The hip compressions were simply amazing. Chris and Susan both helped support me in that way. Later, I asked Chris how often it was him doing the squeezing and how often it was Susan. He chuckled and let me know that every time I hollered for harder squeezes, it was him that was supporting me!

Maybe after 10-15 minutes, they asked if I would like to get into the tub. At that point, I was hesitant to move. Getting stuck in a contraction out of my comfort position would’ve been rough, I was sure. But, I desperately wanted to get in the tub. I really wanted it to be the miracle worker that I’d so often read about in other birth stories. Thankfully, Chris knew my desire to be in the tub, so he gently encouraged me.

Oh. My. Goodness! I’m so grateful he knew what I wanted and was able to help me along. That tub was absolutely amazing. I was scared it was going to be too cold/not hot enough, but it was blissful. I sank down on my knees with my arms draped over the side. The water was perfect and helped me to relax so very much. The bottom of the tub was slick enough that I was able to move my knees in and out to find the right position. I felt like I received a wonderful little break after getting into the tub. It may have only been a minute or two longer, but it was long enough for my head to clear a bit. It was also long enough for me to dread the next contraction… there’s definitely a benefit to labor land and just rolling with it and not over-thinking things! Later I asked if the break was due to the tub relaxing me or if I was experiencing something else I’d often read about – the little break that many mamas enjoy between the transition and pushing phases of labor. The ladies suspected it was a little bit of both.

Susan and Gina had been asking me for the last several minutes if I needed to push yet, but I hadn’t. Until it hit, and I knew I needed to. Chris sat in front of me, and I held his hand – or destroyed it rather. He had to ask me to lighten up at some while I was pushing, to which I wasn’t very receptive. I pushed big, long pushes. Apparently Gina suggested I slow down, but I was louder than she was! Chris told me later that Gina kept checking me and baby with the flashlight. I think she listened to Bumblebee’s heart rate a few times, too.

I felt her coming, and pushing on my knees was absolutely wonderful. SO much better than pushing from my back as I had with Poppy. In a rush of activity, baby was born, Gina told me to lean forward and grab my baby, and I lifted Bumblebee up out of the water and to my chest. Twenty-six minutes after returning to the birth center.

Elsie Jolie, minutes old. Photo by www.renetate.com.

Bumblebee, minutes old. Photo by http://www.renetate.com.

Pure bliss. I am pretty sure they had to tell me to check her gender. I was able to announce she was a girl! I kept repeating “sweet baby” and “you ARE a girl!” Poppy had been convinced, and her certainty slowly won Chris and me over, as well. A girl!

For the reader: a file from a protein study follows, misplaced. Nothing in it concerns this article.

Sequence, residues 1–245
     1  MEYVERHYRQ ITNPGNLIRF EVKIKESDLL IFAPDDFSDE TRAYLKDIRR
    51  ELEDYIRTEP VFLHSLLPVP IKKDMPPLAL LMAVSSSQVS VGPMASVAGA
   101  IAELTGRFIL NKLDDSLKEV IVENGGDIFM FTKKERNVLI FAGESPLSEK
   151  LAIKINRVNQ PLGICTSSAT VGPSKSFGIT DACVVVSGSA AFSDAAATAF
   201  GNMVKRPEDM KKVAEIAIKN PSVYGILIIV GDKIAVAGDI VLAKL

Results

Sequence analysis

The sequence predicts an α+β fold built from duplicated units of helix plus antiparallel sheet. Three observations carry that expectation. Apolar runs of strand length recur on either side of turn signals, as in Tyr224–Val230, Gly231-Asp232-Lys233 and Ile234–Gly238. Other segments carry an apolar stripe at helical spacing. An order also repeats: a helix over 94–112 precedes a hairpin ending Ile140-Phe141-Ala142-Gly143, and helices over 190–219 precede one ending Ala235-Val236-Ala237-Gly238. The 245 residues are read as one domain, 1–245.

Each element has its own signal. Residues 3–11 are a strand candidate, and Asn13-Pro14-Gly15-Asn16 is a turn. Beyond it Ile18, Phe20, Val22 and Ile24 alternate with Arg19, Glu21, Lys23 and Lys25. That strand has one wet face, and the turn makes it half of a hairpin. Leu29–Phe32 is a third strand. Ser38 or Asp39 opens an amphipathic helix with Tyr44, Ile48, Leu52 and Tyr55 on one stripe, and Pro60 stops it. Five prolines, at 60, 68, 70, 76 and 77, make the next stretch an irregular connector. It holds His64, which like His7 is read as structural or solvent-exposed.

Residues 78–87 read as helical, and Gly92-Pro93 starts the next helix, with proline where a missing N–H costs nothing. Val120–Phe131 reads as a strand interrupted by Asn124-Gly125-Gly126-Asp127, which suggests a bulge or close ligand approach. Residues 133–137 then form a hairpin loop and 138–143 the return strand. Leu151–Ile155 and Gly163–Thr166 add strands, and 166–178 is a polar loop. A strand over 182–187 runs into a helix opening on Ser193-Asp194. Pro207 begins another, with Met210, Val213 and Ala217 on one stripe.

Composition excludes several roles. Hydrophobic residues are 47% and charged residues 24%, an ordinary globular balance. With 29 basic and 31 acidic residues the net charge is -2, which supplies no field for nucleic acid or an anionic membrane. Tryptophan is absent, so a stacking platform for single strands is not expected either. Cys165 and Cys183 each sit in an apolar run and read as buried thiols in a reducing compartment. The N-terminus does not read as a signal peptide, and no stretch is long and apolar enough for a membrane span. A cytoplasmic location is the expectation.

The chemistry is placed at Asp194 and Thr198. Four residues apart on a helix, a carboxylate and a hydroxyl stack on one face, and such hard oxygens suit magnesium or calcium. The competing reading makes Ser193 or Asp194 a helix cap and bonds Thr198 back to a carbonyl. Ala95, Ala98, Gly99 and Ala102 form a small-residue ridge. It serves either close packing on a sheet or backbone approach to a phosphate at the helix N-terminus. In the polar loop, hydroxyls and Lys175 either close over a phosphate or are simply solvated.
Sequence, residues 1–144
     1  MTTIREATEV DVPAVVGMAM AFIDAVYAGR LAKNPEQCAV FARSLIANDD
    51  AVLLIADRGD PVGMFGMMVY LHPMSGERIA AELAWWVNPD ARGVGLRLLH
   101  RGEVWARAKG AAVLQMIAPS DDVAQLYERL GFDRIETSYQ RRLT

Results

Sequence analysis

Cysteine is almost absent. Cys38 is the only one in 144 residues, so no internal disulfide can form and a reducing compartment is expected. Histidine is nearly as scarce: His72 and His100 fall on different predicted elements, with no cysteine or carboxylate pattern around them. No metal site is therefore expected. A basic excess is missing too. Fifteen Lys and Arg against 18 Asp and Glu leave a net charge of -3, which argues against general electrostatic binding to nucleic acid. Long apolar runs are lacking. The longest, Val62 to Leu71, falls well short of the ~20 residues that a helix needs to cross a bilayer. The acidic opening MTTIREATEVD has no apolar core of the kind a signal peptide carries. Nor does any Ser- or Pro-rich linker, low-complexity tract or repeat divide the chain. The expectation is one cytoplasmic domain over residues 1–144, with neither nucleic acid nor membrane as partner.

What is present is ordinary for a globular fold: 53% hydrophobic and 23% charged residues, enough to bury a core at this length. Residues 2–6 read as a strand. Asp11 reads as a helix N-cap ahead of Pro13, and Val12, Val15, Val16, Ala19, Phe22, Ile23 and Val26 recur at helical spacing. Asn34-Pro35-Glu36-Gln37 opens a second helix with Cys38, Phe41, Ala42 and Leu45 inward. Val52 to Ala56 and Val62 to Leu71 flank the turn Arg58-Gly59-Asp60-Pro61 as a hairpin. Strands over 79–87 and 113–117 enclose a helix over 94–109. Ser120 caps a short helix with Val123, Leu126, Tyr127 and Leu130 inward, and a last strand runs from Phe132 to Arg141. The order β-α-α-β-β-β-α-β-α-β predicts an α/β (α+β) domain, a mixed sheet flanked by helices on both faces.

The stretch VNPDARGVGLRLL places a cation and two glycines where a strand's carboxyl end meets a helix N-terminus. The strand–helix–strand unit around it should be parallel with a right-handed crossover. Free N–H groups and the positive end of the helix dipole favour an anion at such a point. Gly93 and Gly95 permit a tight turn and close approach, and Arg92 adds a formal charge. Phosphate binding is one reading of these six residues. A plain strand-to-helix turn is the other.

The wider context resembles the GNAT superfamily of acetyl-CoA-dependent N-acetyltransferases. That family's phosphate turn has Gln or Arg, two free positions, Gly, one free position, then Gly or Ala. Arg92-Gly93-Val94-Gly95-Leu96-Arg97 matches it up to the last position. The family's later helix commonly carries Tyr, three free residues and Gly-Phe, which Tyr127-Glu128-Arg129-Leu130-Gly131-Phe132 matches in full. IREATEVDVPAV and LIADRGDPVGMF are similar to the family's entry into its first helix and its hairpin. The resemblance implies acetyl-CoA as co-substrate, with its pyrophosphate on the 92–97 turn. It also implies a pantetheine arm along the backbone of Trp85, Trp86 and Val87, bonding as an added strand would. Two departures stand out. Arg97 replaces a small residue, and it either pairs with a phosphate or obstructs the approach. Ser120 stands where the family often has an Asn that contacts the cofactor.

They helped me up out of the water and over to the bed. Chris crawled in beside us, and we soaked up those first precious moments. Bumblebee and I stayed skin-to-skin, and the whole atmosphere was so peaceful and joyful. No rushing around. No distractions. Gina monitored me as we waited for me to deliver Bumblebee’s placenta. It didn’t take too long in actuality, but it felt like it took longer than it did with Poppy. I’m not sure if that was simply my perception because of the slower-feeling pace in general, or if that was the result of an unmedicated after-birth experience. Gina examined it closely and explained how our sweet babe was nourished for the first chapter of her little life. She then checked the caul to find the break; it took some time to find! Bumblebee didn’t break my waters until I was pushing her out.

So much emotion for one photo! Photo by www.renetate.com.

So much emotion for one photo! Photo by http://www.renetate.com.

Peeking at Mommy. Photo by www.renetate.com.

Peeking at Mommy. Photo by http://www.renetate.com.

I don’t remember the specific order of things anymore, but within the first 30 minutes or so of Bumblebee’s life, her Grammy and her big sister arrived to meet her! It was so sweet to see my mama walk in with my first-born. Poppy’s was a look of overwhelmed observation, and my mama’s a look of pure joy and excitement! Poppy was so thrilled to learn that she had a baby sister, and she kept telling us that she had been right all along in guessing Bumblebee’s gender.

Retrospectively, there’s a funny story here. Apparently Chris had already texted my mama, “Baby’s here” while she was still driving. But, he forgot he did that! So, when they arrived, and he went to meet them to bring them back, he played it cool, thinking he was going to let them be surprised. 🙂 My mama still chuckles about that.

Big sister just taking it all in. Photo by www.renetate.com.

Big sister just taking it all in. Photo by http://www.renetate.com.